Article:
Academic journal article Defense Counsel Journal

Shifting the Causation Burden of Proof in Legal Malpractice Actions

Academic journal article Defense Counsel Journal

Shifting the Causation Burden of Proof in Legal Malpractice Actions

Article excerpt

Courts are applying doctrines taken from other types of cases and placing the burden on defendant attorneys on the basis of public policy considerations

THE well-known elements of a cause of action for legal malpractice are: (1) the attorney's duty to use the skill, prudence and diligence that others in his or her profession commonly possess and exercise; (2) acts that constitute a breach of that duty; (3) injury, damage or loss to the plaintiff; and (4) a proximate causal connection between the conduct constituting the breach of duty and injury, damage or loss. The plaintiff usually has the burden of establishing each of these essential elements, including causation.1

Clients alleging that their attorney was negligent in connection with litigation have the burden of proving that damages resulted, this burden involving, usually, the difficult task of demonstrating that the attorney's negligent investigation, advice or conduct of the client's affairs was a substantial factor in causing an unfavorable result, including the loss of the client's meritorious claim. Proof that the client would have prevailed or achieved a better result in the underlying action generally requires trial of a "suit within a suit," that is, a determination of the merits of the underling action in the malpractice trial. This is sometimes also referred to as the "case within the case" requirement.2


When the attorney's alleged negligence impacts an underlying personal injury or products liability suit, the courts in California have begun to wrestle with the proper application of doctrines that have been applied in non-legal malpractice contexts. In negligence and products liability cases, for example, the doctrine has evolved that the burden of proof on the issue of causation may be shifted to the defendant when demanded by public policy considerations.3 "On rare occasions," the California Court of Appeal stated in National Council Against Health Fraud Inc. v. King Bio Pharmaceuticals Inc., "the courts have altered the normal allocation of the burden of proof."4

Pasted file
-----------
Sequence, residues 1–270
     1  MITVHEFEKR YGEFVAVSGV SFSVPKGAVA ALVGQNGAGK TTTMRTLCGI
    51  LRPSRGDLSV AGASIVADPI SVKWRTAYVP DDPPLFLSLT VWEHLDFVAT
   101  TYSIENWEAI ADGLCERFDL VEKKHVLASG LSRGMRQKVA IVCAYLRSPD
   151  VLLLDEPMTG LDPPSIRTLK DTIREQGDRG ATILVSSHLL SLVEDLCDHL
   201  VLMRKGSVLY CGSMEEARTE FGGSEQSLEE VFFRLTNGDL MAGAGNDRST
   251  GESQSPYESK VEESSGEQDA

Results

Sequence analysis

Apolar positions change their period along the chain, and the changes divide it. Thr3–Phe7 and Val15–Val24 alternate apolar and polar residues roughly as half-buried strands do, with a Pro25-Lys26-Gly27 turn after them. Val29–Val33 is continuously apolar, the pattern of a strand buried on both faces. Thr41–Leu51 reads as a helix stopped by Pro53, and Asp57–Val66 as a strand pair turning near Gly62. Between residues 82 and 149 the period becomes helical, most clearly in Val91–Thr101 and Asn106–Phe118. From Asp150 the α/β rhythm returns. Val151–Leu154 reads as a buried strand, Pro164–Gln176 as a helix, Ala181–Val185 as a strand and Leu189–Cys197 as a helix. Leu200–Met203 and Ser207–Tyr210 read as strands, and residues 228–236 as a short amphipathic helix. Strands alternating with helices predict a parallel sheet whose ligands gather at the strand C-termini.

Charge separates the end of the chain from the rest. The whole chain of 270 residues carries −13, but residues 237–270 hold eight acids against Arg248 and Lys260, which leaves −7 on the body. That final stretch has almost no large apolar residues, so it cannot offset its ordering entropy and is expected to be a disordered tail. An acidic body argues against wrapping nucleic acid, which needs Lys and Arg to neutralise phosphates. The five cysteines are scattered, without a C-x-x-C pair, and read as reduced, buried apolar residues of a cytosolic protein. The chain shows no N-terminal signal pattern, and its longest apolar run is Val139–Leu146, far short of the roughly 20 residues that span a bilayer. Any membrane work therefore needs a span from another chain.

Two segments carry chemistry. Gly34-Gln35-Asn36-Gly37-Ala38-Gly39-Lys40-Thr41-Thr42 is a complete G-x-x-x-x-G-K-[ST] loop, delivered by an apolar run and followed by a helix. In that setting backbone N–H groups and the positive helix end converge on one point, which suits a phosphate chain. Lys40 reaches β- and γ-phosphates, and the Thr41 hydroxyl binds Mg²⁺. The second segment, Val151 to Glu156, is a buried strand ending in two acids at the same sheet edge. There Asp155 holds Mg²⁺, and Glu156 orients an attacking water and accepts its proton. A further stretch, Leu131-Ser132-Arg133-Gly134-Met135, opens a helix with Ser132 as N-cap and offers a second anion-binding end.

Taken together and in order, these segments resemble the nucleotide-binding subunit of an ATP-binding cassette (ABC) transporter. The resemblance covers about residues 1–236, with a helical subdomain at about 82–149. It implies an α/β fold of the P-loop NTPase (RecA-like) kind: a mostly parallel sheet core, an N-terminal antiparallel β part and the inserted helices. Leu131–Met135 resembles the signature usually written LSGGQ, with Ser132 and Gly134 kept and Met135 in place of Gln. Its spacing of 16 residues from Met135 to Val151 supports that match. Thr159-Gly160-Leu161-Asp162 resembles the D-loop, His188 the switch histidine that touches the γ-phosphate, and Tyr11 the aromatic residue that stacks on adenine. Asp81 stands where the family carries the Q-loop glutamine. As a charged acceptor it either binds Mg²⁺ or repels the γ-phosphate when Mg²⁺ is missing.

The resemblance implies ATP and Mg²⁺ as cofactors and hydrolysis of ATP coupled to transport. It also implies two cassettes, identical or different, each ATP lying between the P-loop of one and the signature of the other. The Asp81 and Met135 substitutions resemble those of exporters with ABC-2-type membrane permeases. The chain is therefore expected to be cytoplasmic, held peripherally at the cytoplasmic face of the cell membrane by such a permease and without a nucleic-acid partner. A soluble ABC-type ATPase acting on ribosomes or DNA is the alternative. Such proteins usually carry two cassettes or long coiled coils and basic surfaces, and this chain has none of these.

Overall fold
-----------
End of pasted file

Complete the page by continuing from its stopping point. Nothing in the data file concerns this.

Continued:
As the California Supreme Court stated in Haft v. Lone Palm Hotel:

[T]he shift of the burden of proof . . . may be said to rest on a policy judgment that when there is a substantial probability that a defendant's negligence makes it impossible, as a practical matter, for plaintiff to prove "proximate causation" conclusively, it is more appropriate to hold the defendant liable than to deny an innocent plaintiff recovery, unless the defendant can prove that his negligence was Not a cause of the injury.5

The essential principle underlying the narrow exception to the usual allocation of proof in negligence and product liability actions is that the burden of proving an element of a case is more appropriately borne by the party with a greater access to information. For example, in Harris v. Truck Lines Inc., the California Supreme Court stated that a "defendant who is in a better position to discover and preserve . . . evidence should not be permitted to profit from the plaintiff's inability to produce it."6


There is no definitive or "general rule" that clarifies the circumstances under which the defendant in a personal injury or products liability case must prove non-causation of the plaintiff's injuries. The most commonly cited formulation of the factors to consider is in McGee v. Cessna Aircraft Co., in which the California Court of Appeal quoted the following reasons from the California Law Revision Committee's comment to Section 500 of the state's Evidence Code, that a shift in the normal allocation of the burden of proof is based on consideration of a "number of factors: the knowledge of the parties concerning the particular facts, the availability of the evidence to the parties, the most desirable result in terms of public policy in the absence of proof of the particular fact, and the probability of the existence or non-existence of the fact. …

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